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Chile's cardinal points

Monday, August 4, 2014


Jorge López Orozco

I had to ask my friends on Facebook to help me decide what to recommend about Chile in this article. The survey produced as many opinions as there are attractions in this country 4,329 kilometers long, yet whose average width is no more than 180 km. My recommendations, duly pondered and not particularly biased, about what to see in my country now follow.

North: Sand
Dry, extremely dry. The Atacama Desert, which occupies a major part of northern Chile, holds the title of “most arid on earth”. But it also has valleys, astronomical observatories, and an excellent, year-round climate.

Its natural attractions include Lauca National Park. This World Biosphere Reserve near the borders with Peru and Bolivia is the great amphitheater of the Chilean altiplano. Among its notable features are Chungará Lake and Parinacota volcano, not to mention the native wildlife. Further south, the Atacama

Desert begins: 105,000 km2 of sand and ocher landscapes. The town of San Pedro is the starting point for visits to Tatio geysers, the Valley of the Moon or the Atacama Salt Flats.

And, 450 km north of Santiago, is Fray Jorge National Park, a green oasis in the midst of all the dryness, a hydrophilic forest rising up by the shore that is nourished by the mist.

Multicultural is a byword in the north. Indigenous groups include Aymaras and Atacamans. Their ancient heritage blends with the modernism of cities like Arica, Iquique or La Serena, and with popular traditions such as the La Tirana Festival in mid-July.

The beaches at Arica are good for surfing, while mountaineering is another option. Nearby is the second highest peak in the Andes, Ojos del Salado, which rises to 6,893 meters above sea level.

South: Ice
This is a destination that whets the appetite, because the overriding cold in southern Chile, amid the rivers, native forests, lakes, volcanoes, islands and glaciers of Patagonia, makes you eat more! And drink…

Colchagua Valley offers extensive wine tours. The ‘water zone’, an area where there is a pronounced Mapuche influence, begins further south, around 800 km. from Santiago.

The Mapuches are the largest indigenous group in Chile, and in places like Temuco, Pucón and Lago Ranco it is possible to see how they live and to enjoy their traditional cuisine. Puerto Montt and the island of Chiloé, meanwhile, are perfect spots for eating fish and seafood.

Enjoying nature in this area always involves adventure: you can climb Villarrica, which is an active volcano, sail for three days towards San Rafael Lake, discover the country’s most important trekking center in Torres del Paine National Park, or visit Navarino island, where Puerto Williams, the most southerly town on earth, is located.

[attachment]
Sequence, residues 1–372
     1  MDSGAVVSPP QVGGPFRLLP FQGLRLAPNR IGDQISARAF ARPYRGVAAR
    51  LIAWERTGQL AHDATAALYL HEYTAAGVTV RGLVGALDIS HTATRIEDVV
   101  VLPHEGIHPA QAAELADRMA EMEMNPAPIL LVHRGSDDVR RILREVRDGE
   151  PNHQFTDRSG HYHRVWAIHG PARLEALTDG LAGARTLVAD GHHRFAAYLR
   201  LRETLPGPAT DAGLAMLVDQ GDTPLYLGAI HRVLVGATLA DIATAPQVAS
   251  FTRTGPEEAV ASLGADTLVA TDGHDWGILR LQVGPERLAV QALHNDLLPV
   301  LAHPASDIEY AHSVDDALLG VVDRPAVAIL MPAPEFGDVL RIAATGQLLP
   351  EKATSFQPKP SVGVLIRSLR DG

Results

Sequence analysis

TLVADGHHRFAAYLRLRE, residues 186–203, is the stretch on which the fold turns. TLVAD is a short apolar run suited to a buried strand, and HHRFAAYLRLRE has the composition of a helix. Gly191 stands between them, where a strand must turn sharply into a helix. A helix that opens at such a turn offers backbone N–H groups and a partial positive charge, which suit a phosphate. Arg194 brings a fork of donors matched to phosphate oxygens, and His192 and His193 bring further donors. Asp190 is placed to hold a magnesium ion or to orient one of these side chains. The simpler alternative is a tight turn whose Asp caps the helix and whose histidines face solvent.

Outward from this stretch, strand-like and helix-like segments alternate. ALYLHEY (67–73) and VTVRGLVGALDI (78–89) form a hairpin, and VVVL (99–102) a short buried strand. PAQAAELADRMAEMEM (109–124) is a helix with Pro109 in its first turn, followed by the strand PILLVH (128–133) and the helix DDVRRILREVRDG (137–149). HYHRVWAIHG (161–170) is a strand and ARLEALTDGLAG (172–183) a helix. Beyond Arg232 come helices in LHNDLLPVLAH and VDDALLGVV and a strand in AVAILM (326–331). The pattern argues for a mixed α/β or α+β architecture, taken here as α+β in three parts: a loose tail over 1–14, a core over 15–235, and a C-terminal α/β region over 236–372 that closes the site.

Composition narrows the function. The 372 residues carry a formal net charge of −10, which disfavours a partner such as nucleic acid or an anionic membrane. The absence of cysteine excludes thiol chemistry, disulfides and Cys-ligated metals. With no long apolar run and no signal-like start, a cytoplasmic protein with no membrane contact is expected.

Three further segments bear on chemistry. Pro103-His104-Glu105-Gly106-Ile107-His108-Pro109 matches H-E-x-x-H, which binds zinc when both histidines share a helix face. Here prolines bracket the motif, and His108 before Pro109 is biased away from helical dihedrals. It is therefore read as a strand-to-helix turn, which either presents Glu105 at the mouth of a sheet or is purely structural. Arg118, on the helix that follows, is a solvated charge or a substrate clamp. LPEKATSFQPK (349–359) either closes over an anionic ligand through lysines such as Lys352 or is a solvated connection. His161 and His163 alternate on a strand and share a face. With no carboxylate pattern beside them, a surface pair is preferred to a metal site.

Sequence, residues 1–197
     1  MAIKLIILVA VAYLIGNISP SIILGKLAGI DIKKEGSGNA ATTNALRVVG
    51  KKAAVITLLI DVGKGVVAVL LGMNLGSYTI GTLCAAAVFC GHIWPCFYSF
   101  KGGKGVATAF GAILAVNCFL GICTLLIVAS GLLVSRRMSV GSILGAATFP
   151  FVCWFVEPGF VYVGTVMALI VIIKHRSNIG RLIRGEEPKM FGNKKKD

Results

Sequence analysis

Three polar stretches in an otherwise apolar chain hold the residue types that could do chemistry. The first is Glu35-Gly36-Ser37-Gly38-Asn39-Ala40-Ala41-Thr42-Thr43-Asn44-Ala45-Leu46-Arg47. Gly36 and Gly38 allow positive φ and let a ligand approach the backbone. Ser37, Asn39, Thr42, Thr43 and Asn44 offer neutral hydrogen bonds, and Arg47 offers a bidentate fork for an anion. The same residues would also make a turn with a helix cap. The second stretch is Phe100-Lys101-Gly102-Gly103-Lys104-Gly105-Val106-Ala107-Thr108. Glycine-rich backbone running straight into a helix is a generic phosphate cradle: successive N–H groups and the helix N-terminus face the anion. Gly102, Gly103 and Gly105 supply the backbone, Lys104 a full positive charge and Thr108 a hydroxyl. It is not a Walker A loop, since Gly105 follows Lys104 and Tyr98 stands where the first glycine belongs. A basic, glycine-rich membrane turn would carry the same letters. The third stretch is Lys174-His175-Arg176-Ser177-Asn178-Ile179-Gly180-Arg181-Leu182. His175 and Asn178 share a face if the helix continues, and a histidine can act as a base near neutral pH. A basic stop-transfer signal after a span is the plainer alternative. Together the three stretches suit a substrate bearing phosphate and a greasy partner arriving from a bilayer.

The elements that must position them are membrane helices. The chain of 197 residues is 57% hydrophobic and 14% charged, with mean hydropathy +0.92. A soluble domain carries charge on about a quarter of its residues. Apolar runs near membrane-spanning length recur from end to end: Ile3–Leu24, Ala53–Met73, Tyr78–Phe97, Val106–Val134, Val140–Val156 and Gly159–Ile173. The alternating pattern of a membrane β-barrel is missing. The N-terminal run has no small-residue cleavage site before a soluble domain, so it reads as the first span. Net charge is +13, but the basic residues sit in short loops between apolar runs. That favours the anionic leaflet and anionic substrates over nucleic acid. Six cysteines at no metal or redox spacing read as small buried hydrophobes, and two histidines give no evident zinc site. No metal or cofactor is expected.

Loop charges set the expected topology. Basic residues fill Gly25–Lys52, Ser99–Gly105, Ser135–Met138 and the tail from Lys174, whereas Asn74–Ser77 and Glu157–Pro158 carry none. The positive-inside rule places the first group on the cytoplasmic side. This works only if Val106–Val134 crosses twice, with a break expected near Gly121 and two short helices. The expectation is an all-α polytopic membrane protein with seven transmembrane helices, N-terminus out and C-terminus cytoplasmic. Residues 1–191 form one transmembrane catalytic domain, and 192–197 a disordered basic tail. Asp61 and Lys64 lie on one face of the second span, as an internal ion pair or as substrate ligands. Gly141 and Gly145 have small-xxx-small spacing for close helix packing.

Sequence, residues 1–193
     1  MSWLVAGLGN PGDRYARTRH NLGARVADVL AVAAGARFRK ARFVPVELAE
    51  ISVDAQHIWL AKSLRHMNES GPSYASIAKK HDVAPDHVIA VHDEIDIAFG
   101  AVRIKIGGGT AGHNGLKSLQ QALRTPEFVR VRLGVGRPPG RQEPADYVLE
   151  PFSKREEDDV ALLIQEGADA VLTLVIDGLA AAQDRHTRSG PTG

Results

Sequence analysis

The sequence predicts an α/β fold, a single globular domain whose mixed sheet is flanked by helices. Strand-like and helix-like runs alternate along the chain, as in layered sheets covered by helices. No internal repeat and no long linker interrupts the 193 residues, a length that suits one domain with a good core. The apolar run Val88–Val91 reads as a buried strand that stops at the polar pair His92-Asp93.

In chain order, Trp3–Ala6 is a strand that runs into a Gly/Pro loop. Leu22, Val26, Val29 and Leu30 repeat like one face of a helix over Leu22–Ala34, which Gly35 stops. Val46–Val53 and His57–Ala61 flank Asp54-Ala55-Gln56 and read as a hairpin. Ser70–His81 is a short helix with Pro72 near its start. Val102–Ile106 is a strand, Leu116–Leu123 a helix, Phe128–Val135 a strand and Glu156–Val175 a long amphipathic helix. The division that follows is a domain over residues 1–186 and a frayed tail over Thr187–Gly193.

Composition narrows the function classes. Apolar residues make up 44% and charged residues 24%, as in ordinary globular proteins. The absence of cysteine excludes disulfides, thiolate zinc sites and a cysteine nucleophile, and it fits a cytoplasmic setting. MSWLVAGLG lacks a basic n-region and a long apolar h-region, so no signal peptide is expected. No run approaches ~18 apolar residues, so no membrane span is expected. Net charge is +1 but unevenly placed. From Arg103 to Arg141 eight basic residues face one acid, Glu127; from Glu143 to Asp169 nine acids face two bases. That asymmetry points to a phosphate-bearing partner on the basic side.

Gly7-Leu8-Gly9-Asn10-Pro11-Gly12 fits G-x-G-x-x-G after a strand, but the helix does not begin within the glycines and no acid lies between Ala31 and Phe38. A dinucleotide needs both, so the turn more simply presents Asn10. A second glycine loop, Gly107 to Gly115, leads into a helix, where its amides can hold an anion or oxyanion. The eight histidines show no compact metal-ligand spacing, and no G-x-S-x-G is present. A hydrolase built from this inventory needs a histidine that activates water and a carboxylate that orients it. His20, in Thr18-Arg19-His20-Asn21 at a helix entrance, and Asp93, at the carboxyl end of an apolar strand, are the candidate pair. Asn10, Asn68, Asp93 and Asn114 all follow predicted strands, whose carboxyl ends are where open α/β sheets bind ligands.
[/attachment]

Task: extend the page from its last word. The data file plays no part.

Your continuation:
East: the summit
Eastern Chile is just mountains. Towns are few and far between. But the region starts to fill up with people at the beginning of winter, when the cordillera is covered with snow, and ski centers are in full swing from June to October.

Most of them are near Santiago, and are noted for their excellent slopes, stupendous scenery and fine accommodation. What’s the down side? Well, they aren’t cheap. At least, not for skiing, but if you just want to look and travel around, everything is much more affordable.

Portillo, 164 km north of the capital, is almost on the Argentinean border. Its slopes are used by professional European ski teams, in a setting with beautiful panoramic views of the Andes. Nearer Santiago are Farellones, El Colorado, La Parva and Valle Nevado, all on the same route.

West: the shore
The sea is everywhere, the sunsets magnificent. A fishing culture prevails all along Chile’s coastline, and there are numerous ports and rivers that flow into the ocean. However, Valparaíso, a mere 120 km west of Santiago, is the unrivalled queen of the coast. The city is a World Heritage Site, that is currently being successfully restored after a recent fire, and spreads up a series of inhabited hillsides, each with its own identity.

The busiest port in the country, it is an ideal place to walk all day and to enjoy seafood. Most of the important beachess in the central part of the country, to the north and south of Valparaíso, can be reached from the coast roads. Pablo Neruda’s house can be visited on Isla Negra, where Algarrobo and Zapallar, the favorite resort of the local aristocracy, are also located.

Center: the capital
Santiago has seven million inhabitants, and is proud of at least three major culture centers: the Museum of Memory, which tells the story of the last 40 years in the country, the Palacio de la Moneda Culture Center, renowned for its art, cinema and restaurants, and the Museum of Fine Arts, which is home to a vast collection of paintings. For shopping, you should head for the popular Patronato neighborhood, or Parque Arauco and Alto Las Condes malls. Exclusive boutiques will be found in Isidora Goyenechea. For eating and drinking, go to Plaza Ñuñoa,

Bellavista, Manuel Montt and the Italia neighborhood. Important: don’t miss watching the sunset from the top of San Cristobal hill, with views over the whole city and the Mapocho River beneath you.

You may find more destination articles at www.aviancaenrevista.com.